Tracing the Roots and History of Modern Memory Quilt Making

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“Quilts carry memory and meaning. They also carry myth.” 

― International Quilt Study Center & Museum

People all over the world have celebrated major life events through the creation of special and meaningful textiles. In Central Asia, traditional quilts marked life transitions and protected the recipient and her home from menacing forces.

In the United States, quilts have also been used to commemorate life events.  American Signature quilts of the 1800's – group projects where each block was sewn or signed by a different person – were often made for a family or friend. They memorialized events, like weddings, births, deaths, and moving west, or they were created as fundraisers for the local community.

In the past century, quilt studies have been focused on dispelling myths surrounding American quilts. The signatures and dates on Signature quilts provide clues for researchers that un-signed quilts do not. Along with stories of friends and community, the true history of the quilt could also be verified.

Which leads in to the next notion of contemporary memory quilting - the utilization of clothing to construct the quilts. In Central Asia, scraps and small pieces of fabric (sometimes called älem)  are thought to have served to ward off destructive forces at sacred sites at the graves of heroes, ancestors and saints. Patchwork was seen as valuable for practical and spiritual purposes.

Popular belief holds that American quilts of the past were stitched for necessity from recycled scraps of fabrics from dresses and other items no longer of use. Quilt historians refer to this notion as the "scrap bag myth". Typically, early American quilts of the Colonial era were whole cloth quilts made with expensive imported fabric, not scraps.

Passage quilting, Sherri Lynn Wood
Photo courtesy of Sherri Lynn Wood

So when does scrap quilt making and the usage of clothing for quilts come into the picture? By the 1830's inexpensive printed cotton fabrics were readily available due to the Industrial Revolution. It was only at this time that American women began making patchwork quilts. Quilt makers have rarely made quilts solely for utility. However, impoverished individuals who liked handwork would be more inclined to quilt with "make-do" fabrics, as many during the Great Depression did, to soothe souls as well as cover beds.

The Gee's Bend quilters are known for designing and piecing improvisational or "my way" quilts as far back as the mid 19th century. Until the mid 20th century, Gee's Bend quilts were often made from worn-out work clothes.

When Missouri Pettway's husband Nathaniel died, she relied on her art to create a quilt with the intention to provide protection, comfort, strength and solace for her grief. Her daughter Arlonzia Pettway (1923-2008) recalls making a memory quilt with her mother in 1942.

"It was when Daddy died.  I was about seventeen, eighteen.  He stayed sick about eight months and passed on.  Mama say, "I going to take his work clothes, shape them into a quilt to remember him, and cover up under it for love."

Blocks and Strips Work-Clothes Quilt,
Missouri Pettway, Gee's Bend, Alabama, 1942
Photo courtesy: Souls Grown Deep

Perhaps the most famous of memory quilts is the AIDS Memorial Quilt: The Names Project. Conceived by gay rights activist Cleve Jones, the project was started in 1987, not only to document the lives lost (that many feared history would forget), but also to help people understand the devastating impact of AIDS.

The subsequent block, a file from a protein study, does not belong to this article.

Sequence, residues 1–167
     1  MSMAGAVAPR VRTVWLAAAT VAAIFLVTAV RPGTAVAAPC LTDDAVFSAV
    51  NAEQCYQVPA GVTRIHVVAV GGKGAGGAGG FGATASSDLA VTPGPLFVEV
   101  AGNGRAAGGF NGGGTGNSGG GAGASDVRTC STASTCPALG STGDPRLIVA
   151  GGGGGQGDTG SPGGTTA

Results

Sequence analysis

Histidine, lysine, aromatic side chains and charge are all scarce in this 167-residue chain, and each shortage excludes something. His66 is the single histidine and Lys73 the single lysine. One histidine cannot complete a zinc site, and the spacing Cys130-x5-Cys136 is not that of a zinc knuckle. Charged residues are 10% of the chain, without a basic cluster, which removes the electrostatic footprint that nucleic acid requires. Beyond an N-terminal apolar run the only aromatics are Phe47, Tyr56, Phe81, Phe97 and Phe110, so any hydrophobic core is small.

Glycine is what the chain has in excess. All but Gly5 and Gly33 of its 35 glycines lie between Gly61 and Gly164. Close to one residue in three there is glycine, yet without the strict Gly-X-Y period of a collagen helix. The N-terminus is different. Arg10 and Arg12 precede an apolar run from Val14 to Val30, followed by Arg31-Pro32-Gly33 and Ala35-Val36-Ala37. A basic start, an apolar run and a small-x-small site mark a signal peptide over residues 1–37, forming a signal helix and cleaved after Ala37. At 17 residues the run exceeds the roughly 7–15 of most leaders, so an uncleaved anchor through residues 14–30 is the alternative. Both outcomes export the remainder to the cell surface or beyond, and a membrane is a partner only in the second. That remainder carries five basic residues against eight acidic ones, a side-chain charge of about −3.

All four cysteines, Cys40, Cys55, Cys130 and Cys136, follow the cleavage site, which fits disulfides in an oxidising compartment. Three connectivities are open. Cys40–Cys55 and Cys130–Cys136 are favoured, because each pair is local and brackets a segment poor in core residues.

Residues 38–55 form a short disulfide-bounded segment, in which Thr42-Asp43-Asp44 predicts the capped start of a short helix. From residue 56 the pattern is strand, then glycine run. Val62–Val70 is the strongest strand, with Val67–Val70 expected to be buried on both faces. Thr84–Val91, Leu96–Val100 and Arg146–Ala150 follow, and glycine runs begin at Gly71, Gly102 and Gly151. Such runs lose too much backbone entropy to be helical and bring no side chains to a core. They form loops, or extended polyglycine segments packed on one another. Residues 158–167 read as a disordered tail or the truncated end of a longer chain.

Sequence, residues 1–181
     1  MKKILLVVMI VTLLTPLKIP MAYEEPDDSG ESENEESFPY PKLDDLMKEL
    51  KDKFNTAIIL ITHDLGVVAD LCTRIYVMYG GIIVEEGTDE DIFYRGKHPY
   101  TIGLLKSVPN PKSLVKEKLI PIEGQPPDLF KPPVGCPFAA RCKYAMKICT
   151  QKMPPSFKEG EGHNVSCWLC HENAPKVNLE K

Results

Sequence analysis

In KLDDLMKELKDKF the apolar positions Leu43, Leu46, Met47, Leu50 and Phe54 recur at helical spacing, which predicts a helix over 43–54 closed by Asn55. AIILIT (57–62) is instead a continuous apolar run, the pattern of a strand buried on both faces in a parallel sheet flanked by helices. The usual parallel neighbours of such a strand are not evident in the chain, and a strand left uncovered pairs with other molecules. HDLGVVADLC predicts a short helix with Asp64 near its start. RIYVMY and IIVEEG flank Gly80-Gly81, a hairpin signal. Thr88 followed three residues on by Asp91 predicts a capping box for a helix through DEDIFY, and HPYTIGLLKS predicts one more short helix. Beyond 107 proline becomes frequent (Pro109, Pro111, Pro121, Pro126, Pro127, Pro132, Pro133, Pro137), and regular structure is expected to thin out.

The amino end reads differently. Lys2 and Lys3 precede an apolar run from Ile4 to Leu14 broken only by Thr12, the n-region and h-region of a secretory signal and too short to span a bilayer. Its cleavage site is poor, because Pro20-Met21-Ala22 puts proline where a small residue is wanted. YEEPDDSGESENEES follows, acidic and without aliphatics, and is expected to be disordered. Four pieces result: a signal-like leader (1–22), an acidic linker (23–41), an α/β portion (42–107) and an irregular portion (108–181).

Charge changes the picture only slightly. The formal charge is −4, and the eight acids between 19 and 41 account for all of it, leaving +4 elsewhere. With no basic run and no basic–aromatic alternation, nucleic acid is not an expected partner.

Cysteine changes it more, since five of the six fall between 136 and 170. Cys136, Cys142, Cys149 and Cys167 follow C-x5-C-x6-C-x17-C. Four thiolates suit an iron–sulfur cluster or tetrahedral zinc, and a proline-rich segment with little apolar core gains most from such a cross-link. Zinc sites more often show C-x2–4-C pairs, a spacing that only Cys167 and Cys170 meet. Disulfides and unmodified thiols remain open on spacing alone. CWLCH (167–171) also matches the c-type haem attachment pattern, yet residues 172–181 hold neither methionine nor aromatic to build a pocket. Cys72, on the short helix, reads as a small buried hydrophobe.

The AIDS Memorial Quilt: The Names Project
Special Exhibition, QuiltCon 2018, Pasadena, CA
Photos by Suzanne Paquette

As times change, so does the clothing that we wear, and therefore the memory quilts we make. Though now commonplace, t-shirts are a relative newcomer to fashion, having been first seen 100 years ago. T-shirts skyrocketed in popularity in the 1950's after Marlon Brando wore one in "A Streetcar Named Desire". And, according to a CustomInk survey, 9 out of 10 Americans own at least one T-shirt they refuse to throw away because of sentimental attachment.

Intersections, Modern T-Shirt Quilt, Suzanne Paquette, Montreal, QC, 2018
Photo by Vivian Doan, from the book Modern Memory Quilts, Stash Books

Cue the t-shirt quilt. The first t-shirt quilts of the 1980's were modelled after the sampler album quilts of the past. Forty years later, the t-shirt quilt still remains in its original format, with quilters looking for new ways to refresh the concept with a modern aesthetic.

Regardless of when, where and how memory quilts are made, whether they utilize past traditions or invent new approaches, they continue to tell stories of lives lived, memories made, emotions felt and love shared.

The Here and Elsewhere Bee, Andrea Tsang-Jackson, Halifax, NS, 2017
Photo courtesy of Andrea Tsang-Jackson



Signature Quilts: Nineteenth-Century Trends by Brackman, Barbara Volume 10, 1989, pages 25-37

One Block at a Time:  Two Centuries of Sampler Quilts by Karr-Petras, Mary Kate, 2018

World Quilts – The American Story
International Quilt Study Center & Museum

The Signature Quilt Project
Researching Signature Quilts

By Amanda Sikarskie and Marsha MacDowell, Karen Alexander and Nancy Hornback

Cycles of Mourning and Memory: Quilts by Mother and Daughter in Gee’s Bend, Alabama
By Lisa Gail Collins

1 Arlonzia Pettway quoted in John Beardsley, William Arnett, Paul Arnett, and Jane Livingston, with an introduction by Alvia Wardlaw, Gee’s Bend: The Women and Their Quilts (Atlanta: Tinwood Books, 2002), 73. Curator and collector William Arnett conducted interviews with Arlonzia Pettway in August 2000 and February 2001. See Gee’s Bend, 423.

A short History of T-shirt Quilts by Andrea Funk, 2015.